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Friday, Jun 18, 2021

It’s about time governments see the dark side of big tech

It’s about time governments see the dark side of big tech

The world is just waking up to the reality that tech businesses want to make money above anything else, like other companies. However, in China, it’s government backing that has allowed tech monopolies to develop and thrive in the first place

Antitrust talks against big tech are in the air. More and more states in the United States are filing antitrust lawsuits against big tech firms. The European Union has been going after them for years. Even the Chinese government is joining the chorus.

The problems with tech giants are far more complicated than just conventional monopolistic practices, though. Their damage to the world is far more than just higher prices, and governments must develop tools to rein them in.

There are conventional monopolistic issues with big tech. Google pays Apple billions for keeping its search engine first on iPhone. It is really a way for Apple not to compete. Hence, they function effectively as a monopoly.

The world is enamoured of technology, believing that anything tech would do good for the world. That misconception is why bad practices, even the obvious underhanded dealings between Apple and Google, have not been looked at seriously.

The world is just waking up to the reality that tech businesses want to make money above anything else, just like traditional businesses; that not all technology is good for the world; and that some technology could do evil the world hasn’t seen before. As the discussions about tech companies become more realistic, governments might catch up with the out-of-control tech world.

Disruption is the word for tech companies. It means that traditional businesses can be taken over by people who use the internet. The assumption is that this is always good. The reality is not so. Tech companies often use subsidies to drive out competition and convince financial markets that they would make tons of money when they are monopolies.

As financial markets buy into this story, these companies have access to cheap capital to pursue this predatory strategy. This is why so much tech investment
hasn’t made the economy grow faster. There is evidence that the opposite might be true.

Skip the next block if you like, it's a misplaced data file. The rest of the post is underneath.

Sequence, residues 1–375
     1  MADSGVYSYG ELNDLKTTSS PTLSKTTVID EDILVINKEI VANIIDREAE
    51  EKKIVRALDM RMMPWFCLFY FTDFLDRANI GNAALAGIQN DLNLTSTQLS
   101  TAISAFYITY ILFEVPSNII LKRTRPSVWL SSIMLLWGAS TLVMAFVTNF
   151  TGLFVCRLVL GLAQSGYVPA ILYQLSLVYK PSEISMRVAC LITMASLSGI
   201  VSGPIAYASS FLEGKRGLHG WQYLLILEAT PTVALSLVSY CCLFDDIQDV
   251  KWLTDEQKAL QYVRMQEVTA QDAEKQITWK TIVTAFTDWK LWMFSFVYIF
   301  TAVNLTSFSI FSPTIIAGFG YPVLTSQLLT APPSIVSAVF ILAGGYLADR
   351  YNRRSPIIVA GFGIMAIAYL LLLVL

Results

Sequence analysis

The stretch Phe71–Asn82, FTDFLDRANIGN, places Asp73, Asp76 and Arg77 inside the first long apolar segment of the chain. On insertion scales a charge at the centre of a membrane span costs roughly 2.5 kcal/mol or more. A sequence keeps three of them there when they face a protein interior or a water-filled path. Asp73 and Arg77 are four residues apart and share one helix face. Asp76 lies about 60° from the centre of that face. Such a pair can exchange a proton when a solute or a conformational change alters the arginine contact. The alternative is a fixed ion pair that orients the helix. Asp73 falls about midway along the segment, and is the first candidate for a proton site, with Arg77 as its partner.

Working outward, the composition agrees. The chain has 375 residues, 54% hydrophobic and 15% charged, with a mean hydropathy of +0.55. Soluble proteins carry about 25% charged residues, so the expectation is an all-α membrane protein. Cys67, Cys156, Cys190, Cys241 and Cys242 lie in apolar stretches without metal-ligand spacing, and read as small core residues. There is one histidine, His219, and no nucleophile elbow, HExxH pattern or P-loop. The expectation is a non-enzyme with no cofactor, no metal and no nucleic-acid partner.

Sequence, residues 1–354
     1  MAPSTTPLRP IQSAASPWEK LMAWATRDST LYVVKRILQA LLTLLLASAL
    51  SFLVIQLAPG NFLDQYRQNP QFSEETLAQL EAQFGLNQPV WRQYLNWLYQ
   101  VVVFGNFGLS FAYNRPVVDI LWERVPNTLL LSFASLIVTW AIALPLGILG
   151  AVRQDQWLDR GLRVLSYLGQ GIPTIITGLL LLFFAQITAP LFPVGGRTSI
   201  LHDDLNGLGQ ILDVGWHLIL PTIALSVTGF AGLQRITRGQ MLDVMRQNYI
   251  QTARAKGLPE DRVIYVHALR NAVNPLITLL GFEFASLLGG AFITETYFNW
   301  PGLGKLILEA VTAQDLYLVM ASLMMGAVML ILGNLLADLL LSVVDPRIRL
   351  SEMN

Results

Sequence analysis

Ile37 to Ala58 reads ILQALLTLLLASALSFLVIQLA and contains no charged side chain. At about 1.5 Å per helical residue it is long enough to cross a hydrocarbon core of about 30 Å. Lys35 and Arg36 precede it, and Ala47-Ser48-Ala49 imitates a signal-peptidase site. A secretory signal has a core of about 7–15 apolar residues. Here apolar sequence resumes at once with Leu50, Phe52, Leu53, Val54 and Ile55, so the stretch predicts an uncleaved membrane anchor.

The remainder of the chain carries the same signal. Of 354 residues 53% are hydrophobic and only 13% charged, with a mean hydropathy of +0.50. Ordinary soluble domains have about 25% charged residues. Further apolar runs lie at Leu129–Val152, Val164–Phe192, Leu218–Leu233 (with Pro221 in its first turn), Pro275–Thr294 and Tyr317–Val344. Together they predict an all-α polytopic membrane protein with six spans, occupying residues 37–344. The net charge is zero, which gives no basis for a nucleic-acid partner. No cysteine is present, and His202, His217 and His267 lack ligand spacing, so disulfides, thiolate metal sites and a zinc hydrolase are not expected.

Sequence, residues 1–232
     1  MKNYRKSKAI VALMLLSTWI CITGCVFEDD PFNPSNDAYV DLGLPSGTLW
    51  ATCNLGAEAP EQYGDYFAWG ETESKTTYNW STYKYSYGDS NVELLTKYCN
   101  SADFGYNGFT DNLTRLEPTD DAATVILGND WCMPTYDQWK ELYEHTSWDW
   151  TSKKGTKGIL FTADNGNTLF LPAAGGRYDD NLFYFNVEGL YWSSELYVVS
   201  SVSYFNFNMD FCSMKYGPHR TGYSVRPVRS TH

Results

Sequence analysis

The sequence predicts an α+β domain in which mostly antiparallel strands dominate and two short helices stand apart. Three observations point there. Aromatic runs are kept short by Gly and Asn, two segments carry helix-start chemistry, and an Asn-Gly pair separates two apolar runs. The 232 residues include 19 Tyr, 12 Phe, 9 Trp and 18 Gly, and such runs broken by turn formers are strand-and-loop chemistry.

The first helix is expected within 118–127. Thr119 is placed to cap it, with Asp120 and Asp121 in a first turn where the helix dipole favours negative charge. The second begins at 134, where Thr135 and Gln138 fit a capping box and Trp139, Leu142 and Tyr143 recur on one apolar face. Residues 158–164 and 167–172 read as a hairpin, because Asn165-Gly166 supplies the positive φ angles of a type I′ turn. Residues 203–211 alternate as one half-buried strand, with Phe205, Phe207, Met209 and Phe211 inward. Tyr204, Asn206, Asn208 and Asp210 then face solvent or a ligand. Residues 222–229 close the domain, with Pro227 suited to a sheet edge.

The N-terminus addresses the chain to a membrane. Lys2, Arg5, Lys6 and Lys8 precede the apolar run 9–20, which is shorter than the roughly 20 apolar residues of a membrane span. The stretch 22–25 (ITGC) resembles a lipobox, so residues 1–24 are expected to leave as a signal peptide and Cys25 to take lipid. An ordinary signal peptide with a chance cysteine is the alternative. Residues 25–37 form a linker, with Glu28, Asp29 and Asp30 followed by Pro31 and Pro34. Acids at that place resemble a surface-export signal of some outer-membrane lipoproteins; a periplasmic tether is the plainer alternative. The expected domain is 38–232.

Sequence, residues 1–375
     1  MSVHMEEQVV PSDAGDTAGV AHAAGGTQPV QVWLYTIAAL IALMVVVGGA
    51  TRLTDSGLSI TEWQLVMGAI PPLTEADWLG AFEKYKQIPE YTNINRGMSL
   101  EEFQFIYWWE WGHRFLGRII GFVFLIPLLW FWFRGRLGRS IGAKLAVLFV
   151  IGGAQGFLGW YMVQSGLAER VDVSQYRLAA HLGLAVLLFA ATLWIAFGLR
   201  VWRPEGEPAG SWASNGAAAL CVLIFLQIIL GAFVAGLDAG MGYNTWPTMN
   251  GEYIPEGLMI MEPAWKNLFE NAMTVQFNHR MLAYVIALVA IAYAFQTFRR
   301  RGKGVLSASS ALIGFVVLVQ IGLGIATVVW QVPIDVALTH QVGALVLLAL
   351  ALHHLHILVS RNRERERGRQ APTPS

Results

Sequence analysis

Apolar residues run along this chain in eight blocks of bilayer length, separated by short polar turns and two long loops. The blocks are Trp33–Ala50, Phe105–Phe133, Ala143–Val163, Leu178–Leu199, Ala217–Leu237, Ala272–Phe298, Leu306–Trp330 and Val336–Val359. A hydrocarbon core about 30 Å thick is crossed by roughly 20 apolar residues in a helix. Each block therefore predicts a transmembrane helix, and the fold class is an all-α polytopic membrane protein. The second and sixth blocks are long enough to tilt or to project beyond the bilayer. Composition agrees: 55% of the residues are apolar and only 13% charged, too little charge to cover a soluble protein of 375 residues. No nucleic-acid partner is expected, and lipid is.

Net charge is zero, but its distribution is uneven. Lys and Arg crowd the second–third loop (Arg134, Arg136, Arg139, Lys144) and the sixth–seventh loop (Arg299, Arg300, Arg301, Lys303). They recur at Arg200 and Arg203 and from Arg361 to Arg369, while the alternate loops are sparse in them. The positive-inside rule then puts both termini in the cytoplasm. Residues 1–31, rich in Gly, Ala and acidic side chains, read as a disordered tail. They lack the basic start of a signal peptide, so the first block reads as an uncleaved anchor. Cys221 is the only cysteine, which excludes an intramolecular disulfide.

Disruption is actually the old-fashioned financial capitalism that first raised its ugly head in the 19th century. When capital is plentiful, some clever people will try to use financial capital to drive out competition through price subsidies or ownership consolidation and raise prices afterwards.

Tech businesses have used the internet to manipulate the minds of their users. When a search engine lists results based on who paid them while the users are unaware, it is playing a trick on them. When a person does this to another, they are considered a con artist. When a tech business does it, it is called artificial intelligence.


Most merchants on e-commerce platforms lose money, but their operators never put the winning odds upfront. When one batch burn through their cash, the platform salespeople go out to recruit another. Since this business model is similar to a casino’s, they should be regulated in a similar way.

Online game providers are another industry that traps their users for profit. While the starting cost might be zero or minimal, the games suck their players into difficult and frustrating situations. Then, options emerge for the players to pay to get ahead. This practice of trap and charge has become a standard industry practice.

Mind manipulation has become common for tech businesses. It subverts the basic idea of “one price, one product” in a conventional market economy. It is potentially “one price, one buyer”. As people are glued to their phones, they are not aware that others might look at different prices.

The internet profit model is increasingly about searching for suckers. When tech people talk about the power of big data, that’s what they mean. The most profitable targets are rich but dumb people. The human mind hasn’t evolved to handle this flood of information.

Nazi propaganda made people believe lies by repeating them 10,000 times. The internet can do it a billion times at no cost. Economic theory is based on the basic assumption that humans are rational. It was never 100 per cent true.


People use their mobile phones on a subway in Beijing. The world is enamoured of technology, believing that anything tech would do good for the world.


If some are clever enough, though, they push the market towards efficient pricing. The benefits flow to even dim-witted consumers.

Exploring fundamental human weaknesses upends all basic assumptions of how market economy functions. Mind manipulation is leading to wealth concentration among a few who know how best to manipulate others. Only government power can check against this trend.

It is puzzling why the Chinese government is joining the bandwagon talking about tech monopolies. Without government backing, no internet business could thrive. The government has backed certain businesses to become monopolies because too many competitors would make it hard for the government to control.

Social control, not efficiency, is the government’s primary objective. Hence, China’s big tech companies are the babies of China’s political system. What’s going on now is like parents complaining about their children getting too big.

Government support has given China’s tech businesses more power than in other countries. As long as they support the government, they can do whatever they want to the people. Maybe the people are so upset now that the government needs to whip these firms to let off some steam. When people stop talking about it, business will go back to normal – ripping off suckers one at a time.

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